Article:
Twitter As A Marketing Tool

November 3, 2009 by  
Filed under Featured, Twitter for Advanced

The marketing industry is one which depends so greatly on having its finger on the pulse, it came as no surprise when people recognised the benefit of using Twitter as a marketing tool. If you think about it for a moment, the presence on the Internet of a site that allows you to speak to a wide range of people for free and place a link in the text has obvious and extensive marketing benefits. Not least of these is the fact that it cuts your marketing spend right back if used properly.

When it comes to marketing effectively, one of the phrases used most frequently is “we need to speak to the customer”. Although this is in many ways just a metaphor – you really need to catch the customers’ attention as broadly as possible – Twitter does allow you to speak directly to each customer if you have the time to do so. By means of @replies, you can answer a customer’s question. By using the search facility it is possible to see who is talking about the niche in which you are marketing – and whether they might be a qualified lead you can sell to.

Of course, Twitter is not a foolproof marketing tool. This is the Web 2.0 generation, and if you thought Generation X was cynical then you’re in for a surprise. People who feel they are being sold to are likely to react with resistance. Talking like a faceless marketing robot will have disastrous results, and cost you more sales than it will provide. This is why you need to be “web-savvy”.

Where Does Twitter Fit In?

November 3, 2009 by  
Filed under Twitter for Advanced

The Internet may seem to be a behemoth of unconnected sites united simply by the fact that they are all online and accessible by anyone with the correct equipment. But if you look closer it is easy to see that there is a lot of connectivity between certain sites, not least in the use of hyperlinks which allow you to navigate between sites which have a common interest. But where this becomes fascinating is with the rise of the super website, the one which is by far and away the leader in its field. Prime examples of this in recent times are not hard to identify.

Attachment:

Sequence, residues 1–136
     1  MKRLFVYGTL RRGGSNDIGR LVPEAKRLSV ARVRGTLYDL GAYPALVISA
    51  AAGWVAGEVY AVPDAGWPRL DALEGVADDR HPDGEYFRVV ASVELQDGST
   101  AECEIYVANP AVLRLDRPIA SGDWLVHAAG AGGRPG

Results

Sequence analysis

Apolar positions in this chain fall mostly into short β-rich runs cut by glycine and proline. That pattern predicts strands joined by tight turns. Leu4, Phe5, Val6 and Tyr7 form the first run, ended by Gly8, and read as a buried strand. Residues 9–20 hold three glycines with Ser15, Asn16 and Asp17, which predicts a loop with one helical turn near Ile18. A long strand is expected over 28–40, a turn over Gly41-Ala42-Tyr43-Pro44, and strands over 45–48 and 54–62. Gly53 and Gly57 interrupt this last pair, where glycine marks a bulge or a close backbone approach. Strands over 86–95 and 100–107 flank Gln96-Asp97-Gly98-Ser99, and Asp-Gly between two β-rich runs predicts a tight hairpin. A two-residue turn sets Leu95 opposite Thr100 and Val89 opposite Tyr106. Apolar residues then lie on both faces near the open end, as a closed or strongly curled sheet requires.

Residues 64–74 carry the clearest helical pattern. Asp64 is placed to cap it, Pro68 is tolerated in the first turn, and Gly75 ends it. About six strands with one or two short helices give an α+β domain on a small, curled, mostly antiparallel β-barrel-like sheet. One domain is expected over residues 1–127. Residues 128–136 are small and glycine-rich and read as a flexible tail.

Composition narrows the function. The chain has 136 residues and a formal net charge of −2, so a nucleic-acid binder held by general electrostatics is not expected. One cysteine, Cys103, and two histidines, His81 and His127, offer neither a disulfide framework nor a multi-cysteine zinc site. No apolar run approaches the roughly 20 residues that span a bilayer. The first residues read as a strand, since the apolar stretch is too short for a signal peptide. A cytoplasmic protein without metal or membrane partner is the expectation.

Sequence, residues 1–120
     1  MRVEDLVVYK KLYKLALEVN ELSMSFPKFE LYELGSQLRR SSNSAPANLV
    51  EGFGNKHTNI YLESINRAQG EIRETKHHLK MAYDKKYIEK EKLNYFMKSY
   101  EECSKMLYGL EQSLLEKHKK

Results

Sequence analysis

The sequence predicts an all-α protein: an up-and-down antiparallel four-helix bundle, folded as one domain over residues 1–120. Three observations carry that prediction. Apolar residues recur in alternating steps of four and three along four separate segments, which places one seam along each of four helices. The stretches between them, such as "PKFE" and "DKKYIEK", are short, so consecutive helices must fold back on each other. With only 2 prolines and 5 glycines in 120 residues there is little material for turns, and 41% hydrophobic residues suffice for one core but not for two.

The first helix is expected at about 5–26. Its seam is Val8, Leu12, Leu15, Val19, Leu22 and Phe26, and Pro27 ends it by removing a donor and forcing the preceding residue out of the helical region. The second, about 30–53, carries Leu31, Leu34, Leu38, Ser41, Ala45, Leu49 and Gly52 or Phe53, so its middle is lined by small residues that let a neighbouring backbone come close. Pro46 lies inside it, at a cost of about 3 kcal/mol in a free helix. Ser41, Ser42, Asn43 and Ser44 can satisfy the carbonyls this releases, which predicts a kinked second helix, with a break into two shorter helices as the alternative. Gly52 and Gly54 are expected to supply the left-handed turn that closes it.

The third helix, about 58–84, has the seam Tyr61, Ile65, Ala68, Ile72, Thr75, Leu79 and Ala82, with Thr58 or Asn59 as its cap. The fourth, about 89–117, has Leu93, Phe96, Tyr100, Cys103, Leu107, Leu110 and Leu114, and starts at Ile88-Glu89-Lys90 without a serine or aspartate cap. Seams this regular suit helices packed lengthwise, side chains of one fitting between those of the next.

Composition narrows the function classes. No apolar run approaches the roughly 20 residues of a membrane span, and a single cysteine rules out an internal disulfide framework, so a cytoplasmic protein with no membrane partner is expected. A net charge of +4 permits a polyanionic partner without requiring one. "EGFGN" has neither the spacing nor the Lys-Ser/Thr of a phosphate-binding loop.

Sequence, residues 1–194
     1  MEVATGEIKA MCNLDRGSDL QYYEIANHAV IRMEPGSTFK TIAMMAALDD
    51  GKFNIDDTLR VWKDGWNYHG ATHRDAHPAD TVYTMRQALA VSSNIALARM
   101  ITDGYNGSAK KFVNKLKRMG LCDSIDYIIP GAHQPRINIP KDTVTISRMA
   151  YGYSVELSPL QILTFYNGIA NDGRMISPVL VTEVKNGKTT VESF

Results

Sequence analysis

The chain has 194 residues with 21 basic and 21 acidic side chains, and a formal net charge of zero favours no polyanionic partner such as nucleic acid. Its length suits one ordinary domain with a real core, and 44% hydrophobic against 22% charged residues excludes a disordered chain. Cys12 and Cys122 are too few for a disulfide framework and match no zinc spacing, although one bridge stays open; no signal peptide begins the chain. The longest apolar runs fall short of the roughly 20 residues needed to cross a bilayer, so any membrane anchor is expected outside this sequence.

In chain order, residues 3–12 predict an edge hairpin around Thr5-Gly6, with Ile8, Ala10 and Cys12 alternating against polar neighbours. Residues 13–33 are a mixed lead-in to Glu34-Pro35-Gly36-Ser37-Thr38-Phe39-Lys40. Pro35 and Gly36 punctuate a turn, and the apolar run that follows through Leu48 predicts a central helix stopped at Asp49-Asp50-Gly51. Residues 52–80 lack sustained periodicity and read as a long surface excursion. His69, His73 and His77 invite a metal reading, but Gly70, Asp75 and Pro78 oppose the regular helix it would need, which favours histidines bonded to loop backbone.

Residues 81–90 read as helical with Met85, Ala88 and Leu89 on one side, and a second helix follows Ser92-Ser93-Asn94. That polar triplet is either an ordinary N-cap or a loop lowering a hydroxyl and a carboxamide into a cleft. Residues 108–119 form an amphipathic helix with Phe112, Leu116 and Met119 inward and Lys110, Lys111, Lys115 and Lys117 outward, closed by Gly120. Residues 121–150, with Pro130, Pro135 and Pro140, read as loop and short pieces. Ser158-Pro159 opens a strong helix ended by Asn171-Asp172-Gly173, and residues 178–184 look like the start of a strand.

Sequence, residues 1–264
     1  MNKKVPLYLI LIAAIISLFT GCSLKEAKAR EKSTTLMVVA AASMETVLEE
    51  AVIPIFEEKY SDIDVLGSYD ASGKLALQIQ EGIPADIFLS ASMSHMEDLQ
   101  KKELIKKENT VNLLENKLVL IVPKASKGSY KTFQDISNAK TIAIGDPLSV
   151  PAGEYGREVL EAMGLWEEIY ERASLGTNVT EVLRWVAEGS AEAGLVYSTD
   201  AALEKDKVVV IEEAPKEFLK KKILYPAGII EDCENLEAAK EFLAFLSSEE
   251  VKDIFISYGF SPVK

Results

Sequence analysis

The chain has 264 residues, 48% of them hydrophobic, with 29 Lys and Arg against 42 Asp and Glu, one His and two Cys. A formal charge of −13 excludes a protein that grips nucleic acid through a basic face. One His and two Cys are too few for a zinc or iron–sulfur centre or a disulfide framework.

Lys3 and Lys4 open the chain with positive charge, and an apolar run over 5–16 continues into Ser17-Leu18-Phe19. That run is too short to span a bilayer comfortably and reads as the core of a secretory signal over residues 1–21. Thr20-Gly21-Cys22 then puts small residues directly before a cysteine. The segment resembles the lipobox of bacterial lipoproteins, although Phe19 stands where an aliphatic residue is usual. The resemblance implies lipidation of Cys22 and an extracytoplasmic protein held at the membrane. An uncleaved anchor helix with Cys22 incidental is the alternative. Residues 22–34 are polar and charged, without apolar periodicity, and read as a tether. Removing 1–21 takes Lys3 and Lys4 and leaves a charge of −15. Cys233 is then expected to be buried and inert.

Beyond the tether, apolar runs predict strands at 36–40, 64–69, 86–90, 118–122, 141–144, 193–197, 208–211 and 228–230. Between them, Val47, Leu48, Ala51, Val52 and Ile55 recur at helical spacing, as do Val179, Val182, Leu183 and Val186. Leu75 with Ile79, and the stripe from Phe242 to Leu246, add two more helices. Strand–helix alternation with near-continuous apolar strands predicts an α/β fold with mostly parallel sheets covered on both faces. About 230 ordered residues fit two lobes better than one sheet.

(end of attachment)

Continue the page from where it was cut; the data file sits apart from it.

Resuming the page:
We have Wikipedia, the online encyclopaedia which is seen as an immediate resource for collated information. Then there is YouTube, a video hosting site which allows one to view footage collected from numerous different places. How hard it would be to find the sites you need if it were not for the ultimate search engine, Google. And recently, Twitter has become a site which everyone knows about, even if they only know that everyone else is talking about it.

One of the things that makes Twitter so popular is that it is an excellent way to spread links. This allows it an instant affinity with other sites. If you find a video on YouTube which you believe that everyone should see, you post a link to it on your Twitter account, and people can view it and then pass on the link. This connectivity is also very useful for bloggers who can install a “widget” on their blog which automatically posts a link on their Twitter feed whenever they put up a new blog post.

Posting Links On Twitter

November 3, 2009 by  
Filed under Twitter for Advanced

One of the things that makes Twitter so vibrant is that it is a very quick and very sure way of spreading information, and if you find a link on the Internet that you want to bring to people’s attention, it is necessary only to tweet that link and sit back as people open and read it, and forward it to others who would be interested. The history of the viral link, although chronologically short, has already got a lot of stories to it, and many of these have been provided by Twitter.

One of the most frequent uses for linking on Twitter is when someone says or does something so incredibly idiotic that it sends the average reader into either a furious rage or gales of laughter. By the medium of Twitter it is possible to pass on a link to this story and share in the derision. It is also possible to bring serious lapses of political, journalistic or moral standards to wider attention.

One of the results of this practice is that the targets of such treatment often respond to the large-scale anger directed at them by insisting that they are the victims of an “orchestrated internet hate campaign”. This misses the point, and is untrue. People pass on the story because they find it distasteful or ridiculous, and it is this that drives the story on, rather than a specific hatred for the person in question. In this cynical world it is not that easy to fabricate outrage, but genuine outrage has a momentum all of its own.